reputation – Fire Nation

Screenshot from “Look What You Made Me Do” music video

I can feel the flames on my skin

“reputation” has so many fire references, from the burning of witches in “I Did Something Bad” to the explosions in the “Look What You Made Me Do” music video to the lyrics “I struck a match / and blew your mind” in “Getaway Car,” it was clear that there was only one choice for rep. Lyrics from “swaying as the room burned down,” and “if I get burned, at least we were electrified” were the icing on the cake. Plus, I feel like “reputation” really embodies the defining characteristics of the Fire Nation. It was Taylor’s “villain era” but beyond the propaganda and lies the Fire lord fed his people; just like Taylor, there was something flourishing underneath. 

Lover – Air Nomads

windows flung right open, Autumn air

Another tough one! “Lover” didn’t have as much elemental metaphor as many of the previous albums. I never realized quite how literal this album is until I began hunting through the lyrics to determine its elemental association. Ultimately, I chose air because to me, this album is very much about wisdom. When I listen to “Daylight” I hear Taylor admitting that she has learned a lot, which feels very much like a raised-by-monks attitude. Also, it is totally heresy to point this out, but the worship/altar lines in “False God” (even though I know it’s a steamy song) still evoke the spiritual ideas that the monks who raised Aang instilled in him. 

folklore – Water Tribe

the battle ships will sink beneath the waves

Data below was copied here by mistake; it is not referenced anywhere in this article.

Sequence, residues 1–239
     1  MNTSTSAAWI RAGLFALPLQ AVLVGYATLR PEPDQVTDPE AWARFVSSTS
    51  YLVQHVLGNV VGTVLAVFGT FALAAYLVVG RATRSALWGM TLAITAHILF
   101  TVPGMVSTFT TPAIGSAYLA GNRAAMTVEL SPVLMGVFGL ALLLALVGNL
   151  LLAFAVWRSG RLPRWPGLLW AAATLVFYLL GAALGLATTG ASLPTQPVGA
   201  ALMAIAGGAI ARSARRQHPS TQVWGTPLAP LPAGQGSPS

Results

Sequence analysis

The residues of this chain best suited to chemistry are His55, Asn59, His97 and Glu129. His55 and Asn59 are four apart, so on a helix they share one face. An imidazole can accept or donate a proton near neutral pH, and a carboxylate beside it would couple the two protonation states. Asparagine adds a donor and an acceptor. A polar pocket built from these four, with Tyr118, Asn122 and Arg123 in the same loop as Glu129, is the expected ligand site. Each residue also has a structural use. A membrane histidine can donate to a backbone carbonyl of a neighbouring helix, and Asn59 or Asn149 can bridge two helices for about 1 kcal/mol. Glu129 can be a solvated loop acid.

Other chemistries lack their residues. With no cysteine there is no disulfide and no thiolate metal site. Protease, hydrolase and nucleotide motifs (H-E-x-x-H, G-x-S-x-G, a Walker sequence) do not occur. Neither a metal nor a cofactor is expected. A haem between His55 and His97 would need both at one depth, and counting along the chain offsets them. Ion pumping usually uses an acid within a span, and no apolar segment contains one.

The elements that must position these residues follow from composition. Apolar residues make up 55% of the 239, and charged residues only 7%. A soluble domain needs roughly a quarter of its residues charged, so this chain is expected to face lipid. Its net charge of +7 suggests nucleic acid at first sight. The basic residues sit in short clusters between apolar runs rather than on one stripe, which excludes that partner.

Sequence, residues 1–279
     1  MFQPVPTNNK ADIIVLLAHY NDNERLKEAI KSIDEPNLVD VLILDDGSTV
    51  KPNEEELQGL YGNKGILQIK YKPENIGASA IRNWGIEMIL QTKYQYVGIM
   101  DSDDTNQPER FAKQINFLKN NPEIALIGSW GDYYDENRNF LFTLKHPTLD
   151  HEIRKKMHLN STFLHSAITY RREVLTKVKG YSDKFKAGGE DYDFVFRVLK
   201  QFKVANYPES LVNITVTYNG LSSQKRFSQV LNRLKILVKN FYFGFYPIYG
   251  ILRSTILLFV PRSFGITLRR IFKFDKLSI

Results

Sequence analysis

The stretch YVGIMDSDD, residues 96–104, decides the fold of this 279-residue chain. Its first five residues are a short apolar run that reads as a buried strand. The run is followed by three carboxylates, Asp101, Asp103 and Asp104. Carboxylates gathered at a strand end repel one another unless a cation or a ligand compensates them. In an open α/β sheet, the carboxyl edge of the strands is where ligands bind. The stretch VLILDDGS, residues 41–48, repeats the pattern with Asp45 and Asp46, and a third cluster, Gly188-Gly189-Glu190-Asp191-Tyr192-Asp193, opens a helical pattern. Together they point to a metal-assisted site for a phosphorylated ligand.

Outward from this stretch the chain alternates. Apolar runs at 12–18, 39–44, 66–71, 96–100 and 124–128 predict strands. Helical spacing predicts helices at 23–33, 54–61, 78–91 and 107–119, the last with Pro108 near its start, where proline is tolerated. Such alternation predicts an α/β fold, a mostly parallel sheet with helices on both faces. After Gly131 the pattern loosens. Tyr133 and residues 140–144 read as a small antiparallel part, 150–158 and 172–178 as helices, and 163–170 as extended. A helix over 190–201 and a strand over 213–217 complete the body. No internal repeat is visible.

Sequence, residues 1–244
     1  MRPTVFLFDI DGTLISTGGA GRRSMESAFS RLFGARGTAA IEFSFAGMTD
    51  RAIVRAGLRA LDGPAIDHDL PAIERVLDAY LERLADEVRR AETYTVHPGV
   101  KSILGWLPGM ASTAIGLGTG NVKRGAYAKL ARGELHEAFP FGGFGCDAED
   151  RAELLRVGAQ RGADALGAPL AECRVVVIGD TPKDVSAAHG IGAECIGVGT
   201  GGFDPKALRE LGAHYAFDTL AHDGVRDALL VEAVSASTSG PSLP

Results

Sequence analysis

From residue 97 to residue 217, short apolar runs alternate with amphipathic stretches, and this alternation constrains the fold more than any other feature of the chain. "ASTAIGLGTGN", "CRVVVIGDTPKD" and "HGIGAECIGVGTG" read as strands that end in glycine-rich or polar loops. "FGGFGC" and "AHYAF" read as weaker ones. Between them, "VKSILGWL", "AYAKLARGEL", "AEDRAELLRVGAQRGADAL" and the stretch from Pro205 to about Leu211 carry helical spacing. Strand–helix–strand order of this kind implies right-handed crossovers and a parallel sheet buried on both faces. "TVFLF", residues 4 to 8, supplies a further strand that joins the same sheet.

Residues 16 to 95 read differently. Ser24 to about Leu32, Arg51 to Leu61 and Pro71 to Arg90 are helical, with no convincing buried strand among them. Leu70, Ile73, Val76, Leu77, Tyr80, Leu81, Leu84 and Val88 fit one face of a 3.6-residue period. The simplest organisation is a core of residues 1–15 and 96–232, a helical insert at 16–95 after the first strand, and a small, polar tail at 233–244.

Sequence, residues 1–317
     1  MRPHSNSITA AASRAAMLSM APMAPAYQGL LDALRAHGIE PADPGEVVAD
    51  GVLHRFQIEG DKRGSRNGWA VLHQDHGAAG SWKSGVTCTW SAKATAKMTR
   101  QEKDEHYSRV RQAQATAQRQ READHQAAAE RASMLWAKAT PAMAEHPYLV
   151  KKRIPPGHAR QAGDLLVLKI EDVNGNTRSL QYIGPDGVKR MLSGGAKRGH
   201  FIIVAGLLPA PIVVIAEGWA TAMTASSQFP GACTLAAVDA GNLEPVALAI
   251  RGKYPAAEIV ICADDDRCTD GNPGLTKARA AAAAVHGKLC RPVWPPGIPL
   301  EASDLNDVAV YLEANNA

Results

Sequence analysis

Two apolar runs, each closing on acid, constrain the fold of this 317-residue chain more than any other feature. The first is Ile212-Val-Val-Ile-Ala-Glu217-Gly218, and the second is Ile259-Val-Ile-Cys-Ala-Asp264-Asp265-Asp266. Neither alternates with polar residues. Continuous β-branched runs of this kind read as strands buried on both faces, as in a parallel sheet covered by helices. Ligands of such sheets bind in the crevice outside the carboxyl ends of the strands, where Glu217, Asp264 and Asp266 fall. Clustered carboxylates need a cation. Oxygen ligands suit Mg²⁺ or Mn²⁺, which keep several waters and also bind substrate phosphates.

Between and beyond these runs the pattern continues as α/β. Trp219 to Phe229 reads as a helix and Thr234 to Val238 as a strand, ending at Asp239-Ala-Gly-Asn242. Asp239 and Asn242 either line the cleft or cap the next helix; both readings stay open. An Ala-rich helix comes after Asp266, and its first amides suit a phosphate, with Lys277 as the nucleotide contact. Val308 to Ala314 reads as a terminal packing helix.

I really considered air for this one. The quiet wisdom and “high in the sky” feeling of “folklore” almost convinced me, but I ended up choosing water because of the frequent water imagery, and since this album was another genre-pivot for Taylor, it too is a big change. “Staring out at the midnight sea,” and “if your cascade ocean wave blues come” and the entire song “the lakes” were enough to outweigh my consideration of air.

evermore – Earth Kingdom

Image courtesy of iTunes

my house of stone, your ivy grows

I knew “evermore” was earth kingdom without really thinking about it. The earthy colors of the album cover, the grounded feeling of the whole album, and the lyrics evoking stone imagery were overwhelming. “Ivy” has “the old widow goes to the stone every day,” and “evermore” has “I replay my footsteps on each stepping stone.” This choice, to me, was no contest.

Midnights – Fire Nation 

Image courtesy of Apple Music


diesel is desire, you were playing with fire

Come on people, there is a lighter, aflame, on the album cover. You really can’t argue with me on this one. “From sprinkler splashes to fireplace ashes,” and “burn all the files” and “pages turned and the bridges burned” and “always remember (uh-huh) the burning embers” and “put on your headphones and burn my city” easily sealed the deal for me. “Midnights,” although we didn’t know it when it first came out, was either a breakup album or the product of a dying relationship. Either way, it is a fiery, powerful album, embodying the energy of the fire element. 

* * * * * * * * * * * * * *

Taylor has so much range and an immense skill for evocative imagery, which made her such a fun artist to write this article about. Obviously, you could pick an album and make an argument for any of the four elements, and many of them have a strong connection to more than one (I argued on the phone with my sister about a few of them!) but I stand by the verdicts I settled on. If you disagree with me, leave a comment with what you think I should have picked. Should I sort the tracks of Noah Kahan’s “Stick Season” next? Let me know!